The University’s Research Ethics Committee approved the study (RETH000811) and as the study grew, several major amendments and extensions (FER 1800; REF3034) were granted after University Ethics Committee attendance and defence. Classified as a service evaluation by the Health Service Research Authority, full NHS ethical approval was not required. However, the hospital-based projects were registered by the individual Hospital Trusts and granted approval by their Governance Teams. Research protocols, participant information sheets, and consent forms all confirmed that the study was opt-in, totally voluntary, anonymous, and in confidence. All participants gave written informed consent.

Consent for publication

Not applicable.

Competing interests

The authors declare that they have no competing interests.

Additional information

Publisher’s Note

Springer Nature remains neutral with regard to jurisdictional claims in published maps and institutional affiliations.

Rights and permissions

Open Access This article is licensed under a Creative Commons Attribution 4.0 International License, which permits use, sharing, adaptation, distribution and reproduction in any medium or format, as long as you give appropriate credit to the original author(s) and the source, provide a link to the Creative Commons licence, and indicate if changes were made. The images or other third party material in this article are included in the article's Creative Commons licence, unless indicated otherwise in a credit line to the material. If material is not included in the article's Creative Commons licence and your intended use is not permitted by statutory regulation or exceeds the permitted use, you will need to obtain permission directly from the copyright holder. To view a copy of this licence, visit The Creative Commons Public Domain Dedication waiver ( applies to the data made available in this article, unless otherwise stated in a credit line to the data.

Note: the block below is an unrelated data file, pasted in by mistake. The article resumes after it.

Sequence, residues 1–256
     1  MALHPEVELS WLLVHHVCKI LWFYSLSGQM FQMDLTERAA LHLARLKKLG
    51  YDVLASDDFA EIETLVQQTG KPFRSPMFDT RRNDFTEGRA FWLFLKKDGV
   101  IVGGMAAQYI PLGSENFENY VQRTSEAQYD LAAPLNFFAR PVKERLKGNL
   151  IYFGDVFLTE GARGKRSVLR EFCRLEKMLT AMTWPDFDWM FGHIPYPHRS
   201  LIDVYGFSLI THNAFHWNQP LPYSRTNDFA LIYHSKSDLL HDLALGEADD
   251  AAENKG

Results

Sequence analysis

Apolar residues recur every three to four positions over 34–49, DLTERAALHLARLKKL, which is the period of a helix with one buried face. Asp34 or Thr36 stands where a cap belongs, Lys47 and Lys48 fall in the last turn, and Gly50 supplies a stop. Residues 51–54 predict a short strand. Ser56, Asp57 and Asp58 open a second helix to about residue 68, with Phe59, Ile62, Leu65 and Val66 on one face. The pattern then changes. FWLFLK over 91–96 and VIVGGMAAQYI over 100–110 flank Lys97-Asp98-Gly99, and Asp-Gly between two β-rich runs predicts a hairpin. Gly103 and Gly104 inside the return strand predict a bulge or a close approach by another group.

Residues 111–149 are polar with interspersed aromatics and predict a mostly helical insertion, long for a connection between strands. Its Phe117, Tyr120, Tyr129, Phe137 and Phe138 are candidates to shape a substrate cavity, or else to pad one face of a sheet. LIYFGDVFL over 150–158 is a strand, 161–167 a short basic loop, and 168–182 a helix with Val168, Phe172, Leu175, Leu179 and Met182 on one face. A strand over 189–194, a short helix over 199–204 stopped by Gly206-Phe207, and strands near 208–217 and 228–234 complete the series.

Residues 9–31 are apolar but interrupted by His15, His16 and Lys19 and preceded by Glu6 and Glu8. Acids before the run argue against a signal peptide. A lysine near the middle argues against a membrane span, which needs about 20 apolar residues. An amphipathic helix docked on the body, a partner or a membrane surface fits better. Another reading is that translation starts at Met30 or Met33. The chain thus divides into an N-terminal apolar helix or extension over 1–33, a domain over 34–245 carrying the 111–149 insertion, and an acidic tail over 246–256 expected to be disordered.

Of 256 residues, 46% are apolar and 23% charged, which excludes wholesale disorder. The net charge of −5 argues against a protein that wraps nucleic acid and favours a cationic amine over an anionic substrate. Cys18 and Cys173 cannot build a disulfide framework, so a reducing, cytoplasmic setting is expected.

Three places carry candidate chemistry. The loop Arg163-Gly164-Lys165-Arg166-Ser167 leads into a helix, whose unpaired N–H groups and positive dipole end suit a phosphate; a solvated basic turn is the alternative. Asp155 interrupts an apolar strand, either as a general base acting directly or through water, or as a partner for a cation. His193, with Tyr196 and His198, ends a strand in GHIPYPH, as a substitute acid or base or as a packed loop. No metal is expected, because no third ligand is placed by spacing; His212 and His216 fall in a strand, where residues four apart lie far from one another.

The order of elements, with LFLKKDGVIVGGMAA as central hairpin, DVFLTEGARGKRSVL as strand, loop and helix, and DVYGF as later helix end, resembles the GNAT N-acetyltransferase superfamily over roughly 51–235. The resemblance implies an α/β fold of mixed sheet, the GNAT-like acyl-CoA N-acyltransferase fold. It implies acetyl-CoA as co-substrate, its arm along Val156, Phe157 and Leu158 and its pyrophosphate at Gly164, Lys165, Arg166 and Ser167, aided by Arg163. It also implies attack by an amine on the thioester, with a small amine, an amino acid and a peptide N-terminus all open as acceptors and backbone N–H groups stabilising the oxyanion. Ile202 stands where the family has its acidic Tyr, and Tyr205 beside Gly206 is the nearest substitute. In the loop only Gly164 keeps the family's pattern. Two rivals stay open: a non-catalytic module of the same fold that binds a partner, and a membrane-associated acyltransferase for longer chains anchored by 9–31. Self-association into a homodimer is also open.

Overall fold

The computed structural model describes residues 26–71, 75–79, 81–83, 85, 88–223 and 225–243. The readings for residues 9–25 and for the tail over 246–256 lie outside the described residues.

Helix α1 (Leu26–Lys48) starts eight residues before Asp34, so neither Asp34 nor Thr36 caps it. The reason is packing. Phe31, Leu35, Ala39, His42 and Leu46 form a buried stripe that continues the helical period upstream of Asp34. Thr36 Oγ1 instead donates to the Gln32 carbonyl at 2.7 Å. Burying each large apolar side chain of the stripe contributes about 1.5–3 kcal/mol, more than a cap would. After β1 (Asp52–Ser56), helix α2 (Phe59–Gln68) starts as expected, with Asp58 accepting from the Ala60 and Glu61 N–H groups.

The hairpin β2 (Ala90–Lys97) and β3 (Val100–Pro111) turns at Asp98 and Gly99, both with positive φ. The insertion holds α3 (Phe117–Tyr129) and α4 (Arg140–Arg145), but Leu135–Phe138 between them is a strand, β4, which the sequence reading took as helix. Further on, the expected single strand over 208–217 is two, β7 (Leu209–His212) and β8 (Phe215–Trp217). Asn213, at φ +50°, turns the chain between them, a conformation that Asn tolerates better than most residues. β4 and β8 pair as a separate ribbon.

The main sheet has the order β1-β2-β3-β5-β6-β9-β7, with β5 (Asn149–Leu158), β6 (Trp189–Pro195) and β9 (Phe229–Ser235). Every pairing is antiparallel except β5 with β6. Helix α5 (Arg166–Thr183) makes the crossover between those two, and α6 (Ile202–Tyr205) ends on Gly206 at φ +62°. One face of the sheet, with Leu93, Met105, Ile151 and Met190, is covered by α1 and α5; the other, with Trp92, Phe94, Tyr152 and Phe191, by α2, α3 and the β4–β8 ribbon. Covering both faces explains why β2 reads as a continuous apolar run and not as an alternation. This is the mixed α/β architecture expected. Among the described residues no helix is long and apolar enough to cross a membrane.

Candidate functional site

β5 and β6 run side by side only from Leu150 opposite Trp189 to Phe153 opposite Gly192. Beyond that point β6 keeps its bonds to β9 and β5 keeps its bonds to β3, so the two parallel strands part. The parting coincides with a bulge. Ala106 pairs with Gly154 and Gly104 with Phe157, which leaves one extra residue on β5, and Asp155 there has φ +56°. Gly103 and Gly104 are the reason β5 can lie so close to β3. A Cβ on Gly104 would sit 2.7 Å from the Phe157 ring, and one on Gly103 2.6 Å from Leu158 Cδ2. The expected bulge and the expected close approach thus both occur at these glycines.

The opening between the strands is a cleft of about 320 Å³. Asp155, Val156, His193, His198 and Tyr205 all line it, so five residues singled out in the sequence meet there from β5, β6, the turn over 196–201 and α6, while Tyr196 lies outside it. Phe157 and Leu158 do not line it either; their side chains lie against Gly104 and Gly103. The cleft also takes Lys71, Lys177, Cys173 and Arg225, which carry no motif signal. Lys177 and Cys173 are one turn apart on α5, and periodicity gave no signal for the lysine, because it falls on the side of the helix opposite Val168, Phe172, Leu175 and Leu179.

Reprints and Permissions

About this article

Check for updates. Verify currency and authenticity via CrossMark

Cite this article

Sudbury-Riley, L., Hunter-Jones, P. & Al-Abdin, A. Introducing the trajectory Touchpoint technique: a systematic methodology for capturing the service experiences of palliative care patients and their families. BMC Palliat Care 19, 104 (2020).

Download citation

  • Received:

  • Accepted:

  • Published:

  • DOI: